Hi I’m Dr. Chris.

In this month of July we think about freedom. If you’ve ever felt trapped by bad memories freedom takes on additional meaning. Painful memories can rob us of our personal freedom. They can make us feel like our lives are frozen in time. Our sense of self-worth grows icy cold. David writes to God in a psalm, “Out of my distress I called on the Lord, the Lord answered me and set me free”. David inspires me to reclaim my freedom by transforming painful past experiences into hopeful prayers and plans for the future. Here’s how:

I’ve watched the Disney movie “Frozen” with my nieces over and over. Elsa taught the world to sing, “Let it go! Let it go!” But her song advised us to “turn away and slam the door…” I wish that helped! The belief that we can make our bad memories disappear by slamming the door on them is a fairy tale. Out of sight is not the same thing as being out of pain. Slamming the door on bad memories can leave us numb or humiliated. And then something happens that reopens the door and, wow, we have to face and feel the sting all over again. So how do we transform the memories of painful experiences into something not just tolerable but life-affirming?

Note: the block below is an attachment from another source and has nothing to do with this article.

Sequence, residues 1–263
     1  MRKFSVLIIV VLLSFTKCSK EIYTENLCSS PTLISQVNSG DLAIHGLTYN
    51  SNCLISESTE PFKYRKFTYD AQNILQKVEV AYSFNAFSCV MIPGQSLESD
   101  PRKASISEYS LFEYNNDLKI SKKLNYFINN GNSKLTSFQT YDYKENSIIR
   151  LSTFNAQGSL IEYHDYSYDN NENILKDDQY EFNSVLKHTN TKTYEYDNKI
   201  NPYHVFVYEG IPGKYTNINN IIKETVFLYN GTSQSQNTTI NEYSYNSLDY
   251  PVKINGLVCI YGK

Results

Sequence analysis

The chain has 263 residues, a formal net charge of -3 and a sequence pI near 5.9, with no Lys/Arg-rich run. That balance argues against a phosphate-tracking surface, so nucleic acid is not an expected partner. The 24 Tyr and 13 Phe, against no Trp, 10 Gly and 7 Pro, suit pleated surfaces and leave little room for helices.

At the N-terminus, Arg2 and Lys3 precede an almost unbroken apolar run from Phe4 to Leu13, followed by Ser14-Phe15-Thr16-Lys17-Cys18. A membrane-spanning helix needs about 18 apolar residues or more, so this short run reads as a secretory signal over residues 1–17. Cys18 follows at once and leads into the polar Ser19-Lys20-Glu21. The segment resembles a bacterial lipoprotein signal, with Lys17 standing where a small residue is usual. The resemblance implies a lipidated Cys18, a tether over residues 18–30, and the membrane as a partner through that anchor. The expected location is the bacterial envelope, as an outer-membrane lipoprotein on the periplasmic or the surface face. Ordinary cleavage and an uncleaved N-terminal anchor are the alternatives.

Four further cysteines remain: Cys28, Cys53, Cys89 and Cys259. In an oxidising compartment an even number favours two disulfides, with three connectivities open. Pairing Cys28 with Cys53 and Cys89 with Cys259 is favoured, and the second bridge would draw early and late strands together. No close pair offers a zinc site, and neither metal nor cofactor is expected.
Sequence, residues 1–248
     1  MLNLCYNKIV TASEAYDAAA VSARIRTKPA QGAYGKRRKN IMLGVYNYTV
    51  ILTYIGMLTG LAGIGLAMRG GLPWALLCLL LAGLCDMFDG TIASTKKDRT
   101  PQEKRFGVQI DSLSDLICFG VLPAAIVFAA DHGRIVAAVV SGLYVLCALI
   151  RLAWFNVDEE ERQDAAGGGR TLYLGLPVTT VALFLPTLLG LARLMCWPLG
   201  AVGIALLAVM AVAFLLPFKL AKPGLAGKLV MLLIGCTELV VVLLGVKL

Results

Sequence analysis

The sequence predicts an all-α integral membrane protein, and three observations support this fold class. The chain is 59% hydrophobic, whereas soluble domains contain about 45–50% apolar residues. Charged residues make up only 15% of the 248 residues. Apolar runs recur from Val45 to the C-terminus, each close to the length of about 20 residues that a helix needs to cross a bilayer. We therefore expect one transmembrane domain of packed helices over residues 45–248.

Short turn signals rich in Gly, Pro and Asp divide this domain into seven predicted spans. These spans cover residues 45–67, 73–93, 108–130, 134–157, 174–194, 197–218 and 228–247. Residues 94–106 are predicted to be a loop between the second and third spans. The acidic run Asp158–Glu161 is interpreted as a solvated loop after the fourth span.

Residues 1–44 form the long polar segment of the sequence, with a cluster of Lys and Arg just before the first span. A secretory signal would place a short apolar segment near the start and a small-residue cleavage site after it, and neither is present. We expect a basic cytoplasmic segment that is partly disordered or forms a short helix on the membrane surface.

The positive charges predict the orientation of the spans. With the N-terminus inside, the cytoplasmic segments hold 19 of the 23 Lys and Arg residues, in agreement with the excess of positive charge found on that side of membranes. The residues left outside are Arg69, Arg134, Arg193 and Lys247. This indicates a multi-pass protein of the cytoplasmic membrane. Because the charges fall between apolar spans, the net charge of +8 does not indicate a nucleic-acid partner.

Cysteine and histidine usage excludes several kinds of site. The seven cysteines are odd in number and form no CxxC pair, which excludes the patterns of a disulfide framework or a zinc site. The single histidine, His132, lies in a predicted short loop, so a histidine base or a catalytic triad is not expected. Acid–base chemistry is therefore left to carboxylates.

The pain from our memories will stay with us until it has taught us what we need to learn. So rather than pushing them away I’m suggesting the opposite: lean into them just long enough to discover their lesson.

I promise you, the lesson isn’t going to be that you’re alone or a failure. It’s probably going to be about your worth and future success.

I had a lot of painful memories and my shame, anger, and pride kept me from facing them – making their lessons hard to absorb. But the relief of emotional freedom is harder to resist.

I have an illustration that will help you transform your bad memories into a lesson easier to absorb. Imagine this: imagine that your painful memory is a frozen ice cube. At first it feels hard and cold with sharp edges that cut or burn you – like your painful icy memory. Your first instinct is to quickly drop it and try to forget it. But this doesn’t make the ice disappear – it just lays on the floor like an accident waiting to trip you up.

Now imagine holding a piece of ice but this time wrap your fingers around it. Feel it melt as it warms through your touch. Now it’s easier to absorb.

What would warm up your painful memories? Instead of holding on to them with icy resentment, anger, or shame, wrap them in acceptance, compassion, and renewed good intentions. These are the qualities that melt cold-hearted memories into a future you can face and embrace.

Sometimes a memory will pop up again and I feel its pain just like I was right back in that place and time. But now I know that I (and you) can melt them back into what can heal and reveal the best life we are created to live.